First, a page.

Figures released by the Taliban-run Ministry of Refugees and Repatriation reveal that an estimated 57,000 migrants have made their way back to Afghanistan from Pakistan since the start of Friday night.
According to the ministry’s statistics, tens of thousands of migrants still await entry at the Torkham border crossing, hoping to return to various regions within Afghanistan.
The Norwegian Refugee Council has underscored the overwhelming conditions faced by migrants along the Afghanistan-Pakistan border, urging international organizations and the global community to step up and provide more humanitarian assistance to these returning migrants.
Footage captures Afghan immigrants in Karachi, Pakistan, rolling up their mats and belongings as they prepare to return to their home country. Many of them have spent a lifetime in the city, and they now face the reality that the neighbor’s welcoming table has been taken away.
In a camp within Karachi, individuals who do not express a desire to return to Afghanistan are apprehended and relocated for deportation. Remarkably, this group includes individuals possessing valid residence permits.
“We are beginning the repatriation process today. We have 120 people here, and we will send them in a convoy. They are handed over to Balochistan by Sindh state. They transport them to the border grasslands for their return to their homeland,” stated Junaid Iqbal Khan, the police commander of the Keamari district in Karachi.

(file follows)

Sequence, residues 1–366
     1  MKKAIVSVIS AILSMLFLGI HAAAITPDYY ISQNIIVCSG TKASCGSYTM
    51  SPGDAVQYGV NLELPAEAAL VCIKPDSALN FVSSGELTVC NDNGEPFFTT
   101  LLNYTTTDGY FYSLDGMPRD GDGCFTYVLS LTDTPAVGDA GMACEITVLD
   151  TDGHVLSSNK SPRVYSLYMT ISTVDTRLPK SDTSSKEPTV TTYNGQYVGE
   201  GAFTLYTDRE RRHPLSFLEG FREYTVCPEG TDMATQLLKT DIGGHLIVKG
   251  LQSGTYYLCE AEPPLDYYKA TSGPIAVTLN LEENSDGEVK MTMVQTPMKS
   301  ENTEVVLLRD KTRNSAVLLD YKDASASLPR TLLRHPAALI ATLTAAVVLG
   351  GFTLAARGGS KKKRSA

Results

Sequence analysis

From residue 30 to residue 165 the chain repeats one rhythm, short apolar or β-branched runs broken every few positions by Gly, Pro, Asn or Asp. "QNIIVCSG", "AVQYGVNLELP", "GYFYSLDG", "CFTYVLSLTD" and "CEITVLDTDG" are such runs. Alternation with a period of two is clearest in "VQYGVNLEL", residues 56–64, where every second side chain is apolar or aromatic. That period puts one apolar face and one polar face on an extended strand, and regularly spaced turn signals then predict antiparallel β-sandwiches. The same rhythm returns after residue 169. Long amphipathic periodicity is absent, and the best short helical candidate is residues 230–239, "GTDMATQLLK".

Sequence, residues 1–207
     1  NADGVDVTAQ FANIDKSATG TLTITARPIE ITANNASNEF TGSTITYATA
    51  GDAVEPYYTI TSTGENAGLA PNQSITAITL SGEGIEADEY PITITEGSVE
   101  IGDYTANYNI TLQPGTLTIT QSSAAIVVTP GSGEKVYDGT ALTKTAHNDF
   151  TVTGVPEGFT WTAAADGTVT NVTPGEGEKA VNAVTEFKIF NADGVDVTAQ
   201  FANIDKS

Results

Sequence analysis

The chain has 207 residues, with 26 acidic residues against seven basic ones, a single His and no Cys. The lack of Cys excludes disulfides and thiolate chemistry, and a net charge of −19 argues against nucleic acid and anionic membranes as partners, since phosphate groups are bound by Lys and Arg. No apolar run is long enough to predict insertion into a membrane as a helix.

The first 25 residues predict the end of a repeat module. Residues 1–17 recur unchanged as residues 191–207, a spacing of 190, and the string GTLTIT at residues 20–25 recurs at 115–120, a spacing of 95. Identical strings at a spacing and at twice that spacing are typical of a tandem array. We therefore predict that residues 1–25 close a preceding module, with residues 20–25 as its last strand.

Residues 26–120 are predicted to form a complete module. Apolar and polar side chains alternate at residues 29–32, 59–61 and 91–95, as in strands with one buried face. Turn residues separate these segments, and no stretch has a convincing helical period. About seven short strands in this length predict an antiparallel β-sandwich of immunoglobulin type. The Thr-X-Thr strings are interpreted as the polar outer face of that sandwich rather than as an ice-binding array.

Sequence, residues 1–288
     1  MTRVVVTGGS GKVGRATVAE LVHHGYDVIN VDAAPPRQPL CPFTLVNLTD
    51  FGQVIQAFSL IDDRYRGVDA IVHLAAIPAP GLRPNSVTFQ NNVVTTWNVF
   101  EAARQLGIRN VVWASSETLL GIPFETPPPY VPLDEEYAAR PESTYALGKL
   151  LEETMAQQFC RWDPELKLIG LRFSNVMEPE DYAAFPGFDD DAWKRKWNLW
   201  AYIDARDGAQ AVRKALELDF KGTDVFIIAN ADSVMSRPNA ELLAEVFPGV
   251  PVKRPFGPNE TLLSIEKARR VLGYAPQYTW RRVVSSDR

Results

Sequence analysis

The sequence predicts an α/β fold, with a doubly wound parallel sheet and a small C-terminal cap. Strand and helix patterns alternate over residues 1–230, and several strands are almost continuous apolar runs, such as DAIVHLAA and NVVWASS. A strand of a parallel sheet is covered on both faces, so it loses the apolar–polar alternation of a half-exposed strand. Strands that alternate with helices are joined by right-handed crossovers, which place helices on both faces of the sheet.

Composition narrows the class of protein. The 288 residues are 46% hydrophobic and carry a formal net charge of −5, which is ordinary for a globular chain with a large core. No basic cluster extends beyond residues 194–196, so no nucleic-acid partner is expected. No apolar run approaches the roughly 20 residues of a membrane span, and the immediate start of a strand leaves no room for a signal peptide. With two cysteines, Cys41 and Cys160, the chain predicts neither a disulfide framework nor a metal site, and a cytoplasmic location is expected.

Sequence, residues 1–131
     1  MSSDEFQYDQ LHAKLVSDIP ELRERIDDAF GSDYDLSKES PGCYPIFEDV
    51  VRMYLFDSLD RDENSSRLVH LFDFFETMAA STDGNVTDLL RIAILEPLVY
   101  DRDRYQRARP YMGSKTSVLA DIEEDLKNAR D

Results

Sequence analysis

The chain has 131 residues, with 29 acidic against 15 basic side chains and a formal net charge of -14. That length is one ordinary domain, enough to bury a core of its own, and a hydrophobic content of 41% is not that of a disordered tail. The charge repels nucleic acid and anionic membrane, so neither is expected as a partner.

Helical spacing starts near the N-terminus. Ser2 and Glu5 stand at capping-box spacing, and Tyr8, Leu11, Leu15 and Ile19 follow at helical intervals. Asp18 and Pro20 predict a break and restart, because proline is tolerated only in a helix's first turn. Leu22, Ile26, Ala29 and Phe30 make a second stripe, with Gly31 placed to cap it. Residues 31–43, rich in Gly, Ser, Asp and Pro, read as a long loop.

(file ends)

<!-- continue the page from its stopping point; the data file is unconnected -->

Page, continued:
Buses have been mobilized to transport men, women, and children to the Chaman border for mandatory deportation.
Calls for amnesty have arisen from human rights advocates, who argue that the time frame given for departure or arrest is inadequate and unjust.
“There should be an amnesty for the people. They were only given a month or two and told to leave or be arrested. I think this is unfair. It is unfair,” expressed Zia Ahmad Awan, a human rights advocate.
Images captured at the Torkham border crossing reveal a daunting scene, where hundreds of vehicles and thousands of people anxiously await entry into Afghanistan. The process involves registration, biometrics, and eventually, entry into the country. Some individuals find themselves enduring grueling nights in the open air.
“One of these immigrants expressed, “There is a roadblock here. We are waiting. Children are also in the car. We came from Lahore and want to go to Kabul. ‘I was born in Pakistan, but I am from Afghanistan.’
Humanitarian organizations have appealed to the international community for assistance to support these migrants as they contend with cold weather. Such assistance includes shelter, food, healthcare, and integration programs.
The government of Pakistan has issued a warning to over 1.7 million Afghan immigrants in the country who lack legal documentation, urging them to leave Pakistan. Numerous human rights organizations have raised concerns that Pakistan’s decision could potentially lead to a human rights crisis.